Wristcutters: A Love Story takes place in a barren landscape littered with the detritus of consumer culture, where the unsmiling populace eat grayish junk food, hang around dingy bars and dilapidated apartments, and listen to audio cassettes of Joy Division and Gram Parsons. Welcome to Purgatory, a drab and monotonous dead zone, appearing like a cross between the Mojave Desert and Trenton, New Jersey. This is the depository of all the unhappy folk who have offed themselves in life and are now in limbo, not quite dead but certainly no longer among the living. Dukic tells the tale in a literally deadpan style road movie, resembling a George Romeo version of The Wizard of Oz, filtered through a sardonic sensibility; a quieter, gentler version of the Dylan song "Ain't Talkin'" or Cormac McCarthy's The Road.
We take this journey with Zia (Patrick Fugit, jacking up his turn in Almost Famous a few years), who, despondent over a breakup with his girlfriend Desiree (Leslie Bibb), does what we all do when we find ourselves in a similar situation: He slits his wrists while playing the Tom Waits tune "Dead and Lovely" on his turntable.
Instead of meeting his maker, he materializes in the halfway stop to the netherworld, working at a pizza joint called Kamikaze Pizza and still pining for Desiree. As Zia remarks, "Everything's the same here. Just a little worse."
Zia hangs out with a two-bit Russian rocker, Eugene (Shea Whigham), who had electrocuted himself onstage to get the attention of a unresponsive club crowd, and just goes through the motions until he gets word that Desiree has also committed suicide and is now somewhere in the land of self destruction. Convincing Eugene to tag along with him, Zia takes to the road to seek out Desiree. En route, they pick up Mikal (Shannyn Sossamon), a beautiful hitchhiker who can't stand the afterlife ("Nobody smiles, it's hot as balls, and everybody's an asshole") and is determined to meet "the people in charge" and get them to send her back to the land of the living. As Zia moons over Desiree, Eugene desires a woman, and Mikal seeks a way home, the three drive aimlessly down the potholed highway, until they come across a mysterious, outré gent named Keller, who specializes in mini-miracles and holds sway over a group of disgruntled suicides and is played by Tom Waits (who else?). Waits and his skunk eye expression may hold the secret to it all.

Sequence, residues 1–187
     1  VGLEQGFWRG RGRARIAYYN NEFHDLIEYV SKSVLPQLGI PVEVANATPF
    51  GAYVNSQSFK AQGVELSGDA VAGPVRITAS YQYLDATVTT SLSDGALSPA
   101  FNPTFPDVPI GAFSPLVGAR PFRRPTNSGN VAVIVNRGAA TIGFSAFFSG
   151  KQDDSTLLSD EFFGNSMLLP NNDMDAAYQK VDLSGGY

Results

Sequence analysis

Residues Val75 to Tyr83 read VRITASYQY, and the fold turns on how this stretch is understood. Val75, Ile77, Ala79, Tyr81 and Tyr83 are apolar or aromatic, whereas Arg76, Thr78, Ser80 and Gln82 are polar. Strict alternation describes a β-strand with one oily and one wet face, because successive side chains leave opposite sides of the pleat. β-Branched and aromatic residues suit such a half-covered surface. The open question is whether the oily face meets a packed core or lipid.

Dukic has quirkiness to spare and he ladles it on liberally in Wristcutters. Even given the premise of the film, Dukic still manages surprising moments (Waits levitating awkwardly, the black hole at the bottom of a car, the hole in the back of the cop's head when the cop removes his hat, the suicide flashbacks of minor characters) and his atmosphere is appropriately Purgatorio -- spare and dank with desaturated colors like fading color film stock. The actors further sustain the tone with their poker-faced expressions and vacant line readings. (The inscrutability of the performances make Bill Murray look like Anthony Quinn.)
Atmosphere goes a long way in Wristcutters: A Love Story. But when you pare away the bizarre suicide premise, what is left is simply another boy-loses-girl/boy-gets-girl love story. In the process, the film offers the standard bromide of appreciating life not matter how bad it might seem because death is worse. Or as Mikal remarks, "Most people I knew before I got here were either half dead or completely dead already." So put away those straight razors and start living and loving, dammit!
Get up. Chop chop.
Run time: 88 mins
In Theaters: Friday 2nd November 2007
Production compaines: No Matter Pictures
Contactmusic.com: 3 / 5
IMDB: 7.4 / 10
Director: Goran Dukic
Producer: Tatiana Kelly, Mikal P. Lazarev, Chris Coen
Screenwriter: Goran Dukic
Starring: Patrick Fugit as Zia, Shannyn Sossamon as Mikal, Will Arnett as Messiah, Tom Waits as Kneller, Leslie Bibb as Desiree, Shea Whigham as Eugene, John Hawkes as Yan, Mark Boone Junior as Mike, Clayne Crawford as Jim, Abraham Benrubi as Erik, Chase Ellison as Kid Kostya
Also starring: Jake Busey